Ryanair says strikes are hitting its profits

Michael O'Leary in 60 seconds

Michael O’Leary in 60 seconds

Ryanair could be headed for a rough landing this year.

Europe’s leading low cost airline slashed its profit forecast for the current fiscal year to between €1.1 billion ($ 1.27 billion) and €1.2 billion ($ 1.39 billion). That’s about €150 million ($ 174 million) less than the company had expected.

Ryanair (RYAAY) said that strikes and flight cancellations in September had resulted in lower traffic and higher costs. It warned that customer fears of further cancellations had led to reduced bookings, forcing the airline to cut fares in the third quarter.

Shares in Ryanair dropped 8% in London, leaving the stock down more than 20% so far this year.

A sharp rise in fuel costs has also heaped pressure on the airline and its outspoken CEO Michael O’Leary, who is confronting labor unions after staff strikes forced the cancellation of hundreds of flights in recent months.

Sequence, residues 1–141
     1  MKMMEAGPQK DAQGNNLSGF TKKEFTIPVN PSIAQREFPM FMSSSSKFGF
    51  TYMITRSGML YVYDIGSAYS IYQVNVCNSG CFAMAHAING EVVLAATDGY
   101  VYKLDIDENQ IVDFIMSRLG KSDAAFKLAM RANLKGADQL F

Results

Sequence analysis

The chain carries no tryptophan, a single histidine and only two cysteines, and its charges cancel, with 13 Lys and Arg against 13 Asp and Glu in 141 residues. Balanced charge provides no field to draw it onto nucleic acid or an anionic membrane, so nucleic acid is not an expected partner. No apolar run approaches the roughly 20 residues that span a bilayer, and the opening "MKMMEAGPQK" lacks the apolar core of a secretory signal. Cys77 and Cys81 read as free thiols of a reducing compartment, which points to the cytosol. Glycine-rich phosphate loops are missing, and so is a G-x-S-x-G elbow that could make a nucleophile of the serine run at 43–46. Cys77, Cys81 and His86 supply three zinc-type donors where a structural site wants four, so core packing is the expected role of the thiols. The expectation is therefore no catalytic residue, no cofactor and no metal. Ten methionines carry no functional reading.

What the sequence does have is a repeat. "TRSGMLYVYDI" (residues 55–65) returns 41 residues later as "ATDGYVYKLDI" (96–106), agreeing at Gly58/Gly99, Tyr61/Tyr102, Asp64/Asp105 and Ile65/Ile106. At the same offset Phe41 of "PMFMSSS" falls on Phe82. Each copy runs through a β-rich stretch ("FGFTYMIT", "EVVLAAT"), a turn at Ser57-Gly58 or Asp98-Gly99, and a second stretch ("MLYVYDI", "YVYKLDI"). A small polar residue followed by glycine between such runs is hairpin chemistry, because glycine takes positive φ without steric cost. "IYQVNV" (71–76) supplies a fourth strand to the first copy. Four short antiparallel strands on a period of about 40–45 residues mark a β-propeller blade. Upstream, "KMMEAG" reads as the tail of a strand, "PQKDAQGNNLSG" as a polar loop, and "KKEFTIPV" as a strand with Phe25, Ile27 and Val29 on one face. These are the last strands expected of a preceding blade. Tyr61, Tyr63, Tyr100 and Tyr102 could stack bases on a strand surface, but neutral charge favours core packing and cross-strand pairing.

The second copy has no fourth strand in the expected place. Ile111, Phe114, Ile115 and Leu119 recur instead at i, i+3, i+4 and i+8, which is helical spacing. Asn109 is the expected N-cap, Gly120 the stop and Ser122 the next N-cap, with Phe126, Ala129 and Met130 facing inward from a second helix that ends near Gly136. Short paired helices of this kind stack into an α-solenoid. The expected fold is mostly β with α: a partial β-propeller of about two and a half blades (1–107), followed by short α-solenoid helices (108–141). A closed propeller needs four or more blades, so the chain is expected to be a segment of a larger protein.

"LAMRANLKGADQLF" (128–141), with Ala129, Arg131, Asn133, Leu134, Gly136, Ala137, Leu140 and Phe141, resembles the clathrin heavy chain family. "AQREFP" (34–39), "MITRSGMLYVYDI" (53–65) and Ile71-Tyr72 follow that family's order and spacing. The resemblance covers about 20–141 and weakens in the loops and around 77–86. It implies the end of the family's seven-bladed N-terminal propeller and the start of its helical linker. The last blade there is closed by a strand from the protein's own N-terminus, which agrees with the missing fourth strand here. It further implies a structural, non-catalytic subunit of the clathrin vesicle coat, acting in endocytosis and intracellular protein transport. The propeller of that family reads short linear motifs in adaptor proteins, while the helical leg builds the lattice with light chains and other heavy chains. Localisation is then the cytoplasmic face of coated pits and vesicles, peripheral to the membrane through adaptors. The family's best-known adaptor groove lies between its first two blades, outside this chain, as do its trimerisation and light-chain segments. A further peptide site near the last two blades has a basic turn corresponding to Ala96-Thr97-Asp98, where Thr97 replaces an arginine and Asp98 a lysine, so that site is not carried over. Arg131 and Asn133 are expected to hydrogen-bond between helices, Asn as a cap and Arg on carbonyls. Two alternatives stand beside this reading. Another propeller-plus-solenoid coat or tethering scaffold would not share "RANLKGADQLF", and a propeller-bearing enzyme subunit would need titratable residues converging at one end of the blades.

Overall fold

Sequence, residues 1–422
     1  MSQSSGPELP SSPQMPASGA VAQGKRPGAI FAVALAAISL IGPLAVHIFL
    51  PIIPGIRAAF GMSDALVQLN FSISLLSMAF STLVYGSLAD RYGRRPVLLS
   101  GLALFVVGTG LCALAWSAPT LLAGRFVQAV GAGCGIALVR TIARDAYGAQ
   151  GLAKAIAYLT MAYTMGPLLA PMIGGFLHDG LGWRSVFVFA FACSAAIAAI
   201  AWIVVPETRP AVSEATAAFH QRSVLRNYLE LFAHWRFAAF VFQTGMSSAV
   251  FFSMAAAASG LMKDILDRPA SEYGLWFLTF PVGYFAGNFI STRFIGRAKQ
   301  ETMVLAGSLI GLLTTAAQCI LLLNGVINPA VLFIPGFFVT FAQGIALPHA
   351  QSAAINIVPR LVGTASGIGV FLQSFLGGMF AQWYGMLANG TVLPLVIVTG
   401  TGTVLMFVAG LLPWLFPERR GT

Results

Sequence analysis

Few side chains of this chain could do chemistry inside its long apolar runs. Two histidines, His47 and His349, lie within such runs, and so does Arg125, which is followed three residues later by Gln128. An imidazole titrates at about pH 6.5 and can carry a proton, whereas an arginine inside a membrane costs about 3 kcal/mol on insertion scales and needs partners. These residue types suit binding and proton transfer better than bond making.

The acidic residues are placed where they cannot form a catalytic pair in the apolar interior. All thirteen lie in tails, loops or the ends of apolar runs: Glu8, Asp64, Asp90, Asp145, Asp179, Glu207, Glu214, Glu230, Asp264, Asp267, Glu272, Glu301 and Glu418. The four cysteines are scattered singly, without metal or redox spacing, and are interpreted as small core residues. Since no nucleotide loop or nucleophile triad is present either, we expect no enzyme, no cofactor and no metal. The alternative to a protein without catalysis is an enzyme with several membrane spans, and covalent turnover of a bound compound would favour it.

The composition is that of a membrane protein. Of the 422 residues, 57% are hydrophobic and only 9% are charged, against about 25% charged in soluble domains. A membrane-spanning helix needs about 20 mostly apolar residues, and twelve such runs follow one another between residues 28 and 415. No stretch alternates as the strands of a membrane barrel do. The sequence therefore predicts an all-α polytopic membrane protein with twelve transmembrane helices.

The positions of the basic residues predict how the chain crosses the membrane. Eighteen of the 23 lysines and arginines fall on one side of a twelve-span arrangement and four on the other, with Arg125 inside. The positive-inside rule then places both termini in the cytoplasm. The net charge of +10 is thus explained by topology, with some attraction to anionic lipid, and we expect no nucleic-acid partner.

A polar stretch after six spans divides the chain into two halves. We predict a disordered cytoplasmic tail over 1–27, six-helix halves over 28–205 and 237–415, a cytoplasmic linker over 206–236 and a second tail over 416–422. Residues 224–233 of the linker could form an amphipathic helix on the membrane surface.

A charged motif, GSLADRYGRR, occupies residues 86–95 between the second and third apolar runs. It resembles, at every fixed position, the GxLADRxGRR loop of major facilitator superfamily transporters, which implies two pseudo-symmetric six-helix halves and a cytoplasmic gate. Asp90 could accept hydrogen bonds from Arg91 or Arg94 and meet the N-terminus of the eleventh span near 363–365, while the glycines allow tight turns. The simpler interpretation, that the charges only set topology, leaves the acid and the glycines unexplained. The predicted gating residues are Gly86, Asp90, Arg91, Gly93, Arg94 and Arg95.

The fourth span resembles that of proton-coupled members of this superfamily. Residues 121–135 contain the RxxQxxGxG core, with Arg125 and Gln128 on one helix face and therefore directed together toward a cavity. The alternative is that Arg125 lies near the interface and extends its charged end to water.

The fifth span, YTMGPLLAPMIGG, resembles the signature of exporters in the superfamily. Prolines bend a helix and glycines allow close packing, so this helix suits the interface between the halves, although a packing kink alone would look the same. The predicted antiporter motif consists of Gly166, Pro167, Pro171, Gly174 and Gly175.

Over the long run, labor disputes, shrinking profit margins and rising customer dissatisfaction could undermine the business model that made Ryanair the largest airline in Europe.

02 Ryanair demonstration 0928 RESTRICTED
Ryanair cabin crew members protest during a 24-hour strike in Madrid.

The tougher climate is now forcing it to scale back.

The company said Monday that it would close bases at Eindhoven in the Netherlands, and Bremen and Niederrhein in Germany on November 5. It said that affected pilots would likely be offered other positions and it would seek to minimize job losses among cabin crew.

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